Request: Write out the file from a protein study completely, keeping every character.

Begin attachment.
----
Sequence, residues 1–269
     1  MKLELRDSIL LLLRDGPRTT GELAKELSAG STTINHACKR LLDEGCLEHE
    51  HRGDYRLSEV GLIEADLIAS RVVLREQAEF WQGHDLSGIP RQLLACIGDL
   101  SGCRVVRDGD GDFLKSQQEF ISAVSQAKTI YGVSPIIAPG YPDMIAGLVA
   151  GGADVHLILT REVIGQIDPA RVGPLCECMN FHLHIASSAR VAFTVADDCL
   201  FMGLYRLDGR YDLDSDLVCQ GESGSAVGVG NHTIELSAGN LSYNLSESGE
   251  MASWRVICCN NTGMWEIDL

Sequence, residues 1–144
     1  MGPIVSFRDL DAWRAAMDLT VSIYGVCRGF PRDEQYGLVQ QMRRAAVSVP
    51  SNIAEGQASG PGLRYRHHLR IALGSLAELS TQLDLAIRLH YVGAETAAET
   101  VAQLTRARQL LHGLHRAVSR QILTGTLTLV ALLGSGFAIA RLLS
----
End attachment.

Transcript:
Sequence, residues 1–269
     1  MKLELRDSIL LLLRDGPRTT GELAKELSAG STTINHACKR LLDEGCLEHE
    51  HRGDYRLSEV GLIEADLIAS RVVLREQAEF WQGHDLSGIP RQLLACIGDL
   101  SGCRVVRDGD GDFLKSQQEF ISAVSQAKTI YGVSPIIAPG YPDMIAGLVA
   151  GGADVHLILT REVIGQIDPA RVGPLCECMN FHLHIASSAR VAFTVADDCL
   201  FMGLYRLDGR YDLDSDLVCQ GESGSAVGVG NHTIELSAGN LSYNLSESGE
   251  MASWRVICCN NTGMWEIDL

Sequence, residues 1–144
     1  MGPIVSFRDL DAWRAAMDLT VSIYGVCRGF PRDEQYGLVQ QMRRAAVSVP
    51  SNIAEGQASG PGLRYRHHLR IALGSLAELS TQLDLAIRLH YVGAETAAET
   101  VAQLTRARQL LHGLHRAVSR QILTGTLTLV ALLGSGFAIA RLLS